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How HR Practitioners Can Grow Their Skill Sets

Experiencing a furlough, layoff or reduced hours? More time on your hands means an opportunity to focus on your professional development, which can be a game changer for your career.

A screenshot of a level up game.

​Like many professionals, HR practitioners have experienced furloughs, layoffs or reduced hours as a result of the COVID-19 pandemic. But there’s a silver lining: Having more time on your hands means you have an opportunity to focus on your professional development, which can be a game changer for your career.

“We live in a skills-based economy,” says Latesha Byrd, a Charlotte, N.C.-based professional career coach and consultant. In other words, many employers base their hiring decisions on a job candidate’s abilities; thus, having a robust set of skills makes you more marketable to employers.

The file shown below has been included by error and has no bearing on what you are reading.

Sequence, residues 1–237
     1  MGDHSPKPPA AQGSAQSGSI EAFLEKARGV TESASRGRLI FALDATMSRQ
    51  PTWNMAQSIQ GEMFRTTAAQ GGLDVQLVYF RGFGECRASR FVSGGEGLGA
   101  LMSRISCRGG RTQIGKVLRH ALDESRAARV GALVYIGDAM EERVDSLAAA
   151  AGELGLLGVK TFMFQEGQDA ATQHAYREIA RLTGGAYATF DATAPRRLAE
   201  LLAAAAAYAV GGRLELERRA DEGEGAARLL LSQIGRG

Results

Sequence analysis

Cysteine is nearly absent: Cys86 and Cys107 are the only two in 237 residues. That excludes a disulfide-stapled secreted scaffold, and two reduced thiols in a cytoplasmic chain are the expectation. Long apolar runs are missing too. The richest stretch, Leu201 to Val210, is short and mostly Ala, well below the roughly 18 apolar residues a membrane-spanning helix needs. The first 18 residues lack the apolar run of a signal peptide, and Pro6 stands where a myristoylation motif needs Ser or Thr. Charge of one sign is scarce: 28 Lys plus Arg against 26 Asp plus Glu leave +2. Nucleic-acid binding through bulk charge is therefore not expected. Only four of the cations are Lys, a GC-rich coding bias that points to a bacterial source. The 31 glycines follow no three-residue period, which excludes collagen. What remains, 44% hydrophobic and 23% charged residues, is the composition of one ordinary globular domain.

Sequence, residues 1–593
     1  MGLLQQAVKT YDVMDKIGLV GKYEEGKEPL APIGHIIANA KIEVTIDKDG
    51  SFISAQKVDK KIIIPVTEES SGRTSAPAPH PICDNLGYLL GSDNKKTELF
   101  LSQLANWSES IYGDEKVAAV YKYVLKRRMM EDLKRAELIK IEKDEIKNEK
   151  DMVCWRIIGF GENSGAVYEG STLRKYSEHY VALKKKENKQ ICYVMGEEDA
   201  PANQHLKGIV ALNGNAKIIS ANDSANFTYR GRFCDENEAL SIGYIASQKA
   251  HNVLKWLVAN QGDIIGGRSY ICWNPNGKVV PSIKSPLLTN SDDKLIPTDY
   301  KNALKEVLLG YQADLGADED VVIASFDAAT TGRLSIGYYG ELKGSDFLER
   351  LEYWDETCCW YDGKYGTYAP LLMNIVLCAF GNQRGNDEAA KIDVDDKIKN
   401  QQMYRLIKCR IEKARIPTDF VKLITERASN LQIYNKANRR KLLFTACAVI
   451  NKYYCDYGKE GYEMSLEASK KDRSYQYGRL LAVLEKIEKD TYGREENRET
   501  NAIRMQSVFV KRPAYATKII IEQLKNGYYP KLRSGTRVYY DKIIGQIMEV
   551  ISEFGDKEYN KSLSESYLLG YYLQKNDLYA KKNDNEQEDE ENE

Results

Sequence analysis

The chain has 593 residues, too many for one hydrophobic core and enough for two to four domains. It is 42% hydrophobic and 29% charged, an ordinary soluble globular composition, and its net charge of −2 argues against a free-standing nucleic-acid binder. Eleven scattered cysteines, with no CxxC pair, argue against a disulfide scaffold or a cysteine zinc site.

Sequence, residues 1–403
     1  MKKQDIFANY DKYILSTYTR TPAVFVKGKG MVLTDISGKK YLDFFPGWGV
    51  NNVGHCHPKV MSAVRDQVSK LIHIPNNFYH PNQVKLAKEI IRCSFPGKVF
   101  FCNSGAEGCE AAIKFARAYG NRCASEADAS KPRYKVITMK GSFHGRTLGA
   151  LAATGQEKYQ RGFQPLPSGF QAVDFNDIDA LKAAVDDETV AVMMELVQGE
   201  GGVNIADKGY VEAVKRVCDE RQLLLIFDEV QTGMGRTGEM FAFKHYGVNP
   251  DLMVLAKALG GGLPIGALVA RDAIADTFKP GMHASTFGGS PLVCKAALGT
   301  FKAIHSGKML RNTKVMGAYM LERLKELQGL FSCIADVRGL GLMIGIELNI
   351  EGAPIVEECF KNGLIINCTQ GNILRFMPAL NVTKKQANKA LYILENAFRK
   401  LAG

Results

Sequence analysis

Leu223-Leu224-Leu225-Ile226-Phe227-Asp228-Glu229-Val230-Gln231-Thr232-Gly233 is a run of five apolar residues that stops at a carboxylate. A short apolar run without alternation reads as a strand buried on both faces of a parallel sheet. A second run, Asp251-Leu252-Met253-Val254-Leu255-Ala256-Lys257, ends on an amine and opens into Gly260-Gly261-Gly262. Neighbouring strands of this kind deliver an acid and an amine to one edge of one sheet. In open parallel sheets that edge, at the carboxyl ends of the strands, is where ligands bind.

Whether you’re working or not, you should be taking steps to build your professional skills in order to stay relevant, says Henna Pryor, an executive coach and founder of the Pryority Group in Philadelphia. “If you were to poll the most successful leaders across every industry, the common thread you would find is they’re all voracious learners,” she notes.

Christine Andrukonis, founder of Notion Consulting, a global change leadership consultancy in New York City, says savvy professionals really have no choice. “Learning new skills is essentially a mandate,” she says. “New skills mean new opportunities.”

Here are nine ways to grow your HR skills and advance in your career. 

Focus on In-Demand Skills

HR jobs require a wide range of skills. According to experts and studies, the following talents are in highest demand today:

Diversity, equity and inclusion. New research shows that employers are making advances in diversity, equity and inclusion as companies make pay equity, diverse talent pipelines and inclusive workplaces a priority.

Employee engagement. Although engagement levels reached a record high in 2019, more than 1 in 10 workers (13 percent) still said they were “actively disengaged” at work, a Gallup survey found. 

Time management. “HR professionals wear a lot of hats, and they have to be able to juggle a lot of tasks,” Byrd says.